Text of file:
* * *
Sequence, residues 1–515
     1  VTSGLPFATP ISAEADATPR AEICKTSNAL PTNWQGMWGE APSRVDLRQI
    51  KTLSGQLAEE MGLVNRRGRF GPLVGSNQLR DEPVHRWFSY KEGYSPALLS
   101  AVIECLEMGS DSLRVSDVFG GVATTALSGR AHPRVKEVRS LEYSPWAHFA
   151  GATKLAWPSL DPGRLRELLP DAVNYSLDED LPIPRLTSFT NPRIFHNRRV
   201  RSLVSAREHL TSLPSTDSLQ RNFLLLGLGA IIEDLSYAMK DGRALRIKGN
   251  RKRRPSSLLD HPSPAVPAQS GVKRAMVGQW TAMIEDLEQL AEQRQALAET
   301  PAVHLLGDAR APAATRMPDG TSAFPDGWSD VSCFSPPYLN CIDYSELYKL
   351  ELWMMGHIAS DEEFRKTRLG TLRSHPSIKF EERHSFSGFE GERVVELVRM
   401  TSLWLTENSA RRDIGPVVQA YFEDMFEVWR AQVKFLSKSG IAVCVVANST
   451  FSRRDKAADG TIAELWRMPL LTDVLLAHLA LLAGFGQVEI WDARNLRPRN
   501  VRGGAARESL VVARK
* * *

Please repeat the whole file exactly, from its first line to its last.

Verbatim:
Sequence, residues 1–515
     1  VTSGLPFATP ISAEADATPR AEICKTSNAL PTNWQGMWGE APSRVDLRQI
    51  KTLSGQLAEE MGLVNRRGRF GPLVGSNQLR DEPVHRWFSY KEGYSPALLS
   101  AVIECLEMGS DSLRVSDVFG GVATTALSGR AHPRVKEVRS LEYSPWAHFA
   151  GATKLAWPSL DPGRLRELLP DAVNYSLDED LPIPRLTSFT NPRIFHNRRV
   201  RSLVSAREHL TSLPSTDSLQ RNFLLLGLGA IIEDLSYAMK DGRALRIKGN
   251  RKRRPSSLLD HPSPAVPAQS GVKRAMVGQW TAMIEDLEQL AEQRQALAET
   301  PAVHLLGDAR APAATRMPDG TSAFPDGWSD VSCFSPPYLN CIDYSELYKL
   351  ELWMMGHIAS DEEFRKTRLG TLRSHPSIKF EERHSFSGFE GERVVELVRM
   401  TSLWLTENSA RRDIGPVVQA YFEDMFEVWR AQVKFLSKSG IAVCVVANST
   451  FSRRDKAADG TIAELWRMPL LTDVLLAHLA LLAGFGQVEI WDARNLRPRN
   501  VRGGAARESL VVARK